The Economist published an article of the same title towards the end of March. I’ve been waiting for free time as scarce as the rainfall in this country these days so the read has been pretty much mentioned in several threads by now already.

Anyway the article talks about the phenomenon of digitizing books. It was apt to start off by mentioning Google‘s mention of its endeavors towards that direction through books.google.com among the many efforts towards realizing an unbounded environment for information.

With the many issues arising from digitizing books raised, even the basic definition of a book has been obscured. The seemingly relevant analogy of e-books to other digital formats such as digitized music even adds to the uncertainty on the future of the traditional publication form, not to mention possible legal issues that will likely arise just as when music albums have been unbundled as well. Throw in its effect on the reading individual and I’m definitely looking at this more closely.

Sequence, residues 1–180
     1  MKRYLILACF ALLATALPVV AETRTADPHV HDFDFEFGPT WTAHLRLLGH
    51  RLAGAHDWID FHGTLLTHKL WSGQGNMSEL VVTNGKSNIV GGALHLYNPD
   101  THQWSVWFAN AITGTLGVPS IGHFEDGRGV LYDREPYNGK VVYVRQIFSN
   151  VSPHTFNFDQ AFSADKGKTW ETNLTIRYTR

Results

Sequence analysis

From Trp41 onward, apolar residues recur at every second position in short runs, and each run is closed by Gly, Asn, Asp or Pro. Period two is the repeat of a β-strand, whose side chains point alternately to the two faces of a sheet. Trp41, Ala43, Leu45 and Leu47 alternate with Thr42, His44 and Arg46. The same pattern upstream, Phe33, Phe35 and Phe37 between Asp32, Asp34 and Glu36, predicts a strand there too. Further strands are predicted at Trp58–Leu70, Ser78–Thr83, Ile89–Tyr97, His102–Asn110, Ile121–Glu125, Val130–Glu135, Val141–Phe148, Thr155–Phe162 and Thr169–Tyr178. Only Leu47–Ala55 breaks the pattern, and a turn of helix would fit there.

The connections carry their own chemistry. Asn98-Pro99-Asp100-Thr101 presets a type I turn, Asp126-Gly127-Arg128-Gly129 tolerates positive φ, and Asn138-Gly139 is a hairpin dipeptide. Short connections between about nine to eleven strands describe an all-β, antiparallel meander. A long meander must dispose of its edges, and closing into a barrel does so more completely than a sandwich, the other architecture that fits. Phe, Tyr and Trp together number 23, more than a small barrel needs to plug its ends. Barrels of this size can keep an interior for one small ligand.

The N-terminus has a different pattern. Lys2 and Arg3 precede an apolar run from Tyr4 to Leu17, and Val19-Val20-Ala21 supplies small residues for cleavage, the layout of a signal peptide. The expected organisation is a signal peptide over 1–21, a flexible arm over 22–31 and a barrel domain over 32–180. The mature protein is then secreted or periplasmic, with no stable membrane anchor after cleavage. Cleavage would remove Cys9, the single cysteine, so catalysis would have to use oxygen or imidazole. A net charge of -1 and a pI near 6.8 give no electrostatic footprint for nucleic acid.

Among the early casualties of the movement were published encyclopedias as their online counterparts have rendered them practically obsolete. For someone who grew up relying on the former as primary reference or starting point for research, the change sure didn’t go unnoticed. On a more massive scale of obsolescence into the future, it does seem to point to having bookstores and libraries lined up in the domino queue.

I am inclined to believe however that published books won’t still go away. Apart from behavioral considerations on reading cultivated by human society over several centuries, I’ve heard the same concerns somewhat raised more than a decade ago yet I have yet to see a hard hitting effect of the movement comparable to that which hit the recording industry though.